HICKORY, N.C. (11/19/13)--U.S. Rep. Patrick McHenry recently visited Mountain View Volunteer (N.C) Fire Department and learned how Local Government FCU, Raleigh, N.C., developed a loan program specifically to meet the needs of non-profit emergency responders in North Carolina.
|U.S. Rep. Patrick McHenry (R-N.C.) recently visited Mountain View Volunteer Fire Department and learned how Local Government FCU developed a loan program to meet the needs of non-profit emergency responders in North Carolina. From left, Sherrod Warwick and Bill Carter, Local Government FCU, Lt. Paul Exon, Chief Tony Holsclaw, firefighter Sarah Loria, firefighter Mickey Lasone and Lt. Bryan Lynch of the Mountain View Volunteer Fire Department; and McHenry. (Photo provided by North Carolina Credit Union League)|
McHenry is the Deputy Republican Whip, helping to manage the legislative priorities of Congressional Republicans on the House floor. He is a member of the House Financial Services Committee, where he serves as chairman of the Oversight and Investigations Subcommittee.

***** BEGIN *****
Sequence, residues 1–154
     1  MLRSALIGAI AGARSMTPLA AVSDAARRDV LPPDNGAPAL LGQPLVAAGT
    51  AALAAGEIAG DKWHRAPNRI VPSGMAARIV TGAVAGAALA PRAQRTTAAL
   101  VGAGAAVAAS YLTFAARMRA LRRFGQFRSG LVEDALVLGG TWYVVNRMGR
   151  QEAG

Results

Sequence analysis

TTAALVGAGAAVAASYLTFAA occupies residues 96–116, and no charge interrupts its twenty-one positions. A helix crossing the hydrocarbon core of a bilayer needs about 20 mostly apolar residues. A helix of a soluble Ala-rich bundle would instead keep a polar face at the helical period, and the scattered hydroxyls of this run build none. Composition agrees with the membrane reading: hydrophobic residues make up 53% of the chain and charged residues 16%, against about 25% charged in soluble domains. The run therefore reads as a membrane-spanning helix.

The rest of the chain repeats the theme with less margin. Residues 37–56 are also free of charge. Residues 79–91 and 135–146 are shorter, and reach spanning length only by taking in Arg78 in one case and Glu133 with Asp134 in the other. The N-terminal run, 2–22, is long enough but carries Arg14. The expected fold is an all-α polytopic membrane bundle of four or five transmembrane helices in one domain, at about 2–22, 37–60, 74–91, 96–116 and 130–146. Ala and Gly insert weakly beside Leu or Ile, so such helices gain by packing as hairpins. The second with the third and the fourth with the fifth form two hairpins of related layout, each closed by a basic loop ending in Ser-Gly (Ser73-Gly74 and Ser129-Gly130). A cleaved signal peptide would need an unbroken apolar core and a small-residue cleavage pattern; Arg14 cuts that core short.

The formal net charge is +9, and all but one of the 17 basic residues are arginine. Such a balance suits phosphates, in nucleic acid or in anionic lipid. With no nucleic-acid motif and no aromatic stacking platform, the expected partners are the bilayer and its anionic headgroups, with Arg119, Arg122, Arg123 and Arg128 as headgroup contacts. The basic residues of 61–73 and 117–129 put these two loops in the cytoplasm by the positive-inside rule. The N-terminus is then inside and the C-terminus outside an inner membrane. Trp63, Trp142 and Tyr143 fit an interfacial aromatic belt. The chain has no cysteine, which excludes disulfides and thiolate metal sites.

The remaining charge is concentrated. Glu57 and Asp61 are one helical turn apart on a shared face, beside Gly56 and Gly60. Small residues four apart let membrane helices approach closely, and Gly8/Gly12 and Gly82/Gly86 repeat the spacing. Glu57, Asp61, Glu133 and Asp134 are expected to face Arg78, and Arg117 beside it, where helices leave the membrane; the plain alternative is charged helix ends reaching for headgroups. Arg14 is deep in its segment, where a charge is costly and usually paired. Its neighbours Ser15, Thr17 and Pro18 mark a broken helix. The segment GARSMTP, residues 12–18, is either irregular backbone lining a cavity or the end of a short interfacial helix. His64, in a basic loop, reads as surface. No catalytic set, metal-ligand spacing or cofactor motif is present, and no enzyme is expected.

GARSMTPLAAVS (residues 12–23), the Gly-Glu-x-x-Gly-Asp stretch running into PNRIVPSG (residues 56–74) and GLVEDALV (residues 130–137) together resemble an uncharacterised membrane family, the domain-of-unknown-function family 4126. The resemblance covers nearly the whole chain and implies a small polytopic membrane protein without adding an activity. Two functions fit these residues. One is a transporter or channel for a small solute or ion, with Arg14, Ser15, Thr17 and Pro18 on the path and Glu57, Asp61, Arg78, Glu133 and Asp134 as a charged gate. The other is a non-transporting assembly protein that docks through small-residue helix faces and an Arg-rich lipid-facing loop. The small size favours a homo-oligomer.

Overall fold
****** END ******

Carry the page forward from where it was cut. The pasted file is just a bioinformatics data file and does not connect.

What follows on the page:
McHenry met with the staff at the fire station, and learned more about the loan program that Mountain View used to purchase a commercial property for the headquarters in its fire district, said the North Carolina Credit Union League (The Weekly Conversation Nov. 15).
Rural and volunteer fire departments sometimes encounter difficulty obtaining capital financing due to many lenders' lack of understanding of the departments and how they operate. To bridge the gap, LGFCU Commercial Lending, a division of $1.2 billion Local Government Federal Credit Union developed a loan program serve that need.
"We don't do anything that's really unique that banks don't do, but banks don't go after that segment of the commercial lender market, said LGFCU Commercial Lending Vice President Bill Carter. "Banks just happen to be on every street corner. We've established a department that is specifically focused to emergency responders across North Carolina.
"What makes us different is we don't work on quotas or commissions, and they now see us as experts in the field of capital financing for emergency service profit entities," Carter added. "It's not what we do that's different; it's how we go about treating and working with these mostly volunteer organizations that makes us different than any other lender--which is the credit union way."
By re-purposing an existing property to meet their needs instead of building a new structure, the department saved taxpayers an estimated $1 million. LGFCU Commercial Lending has assisted 21 nonprofit departments with 35 loans, totaling $6.5 million in McHenry's district.
Credit unions have been urging Congress to lift their MBL cap to 27.5% of assets from 12.25% so credit unions can make more business loans. Lifting the cap would help create 140,000 new jobs and inject $13 billion in small business loans into the economy, without costing taxpayers a dime, said the Credit Union National Association.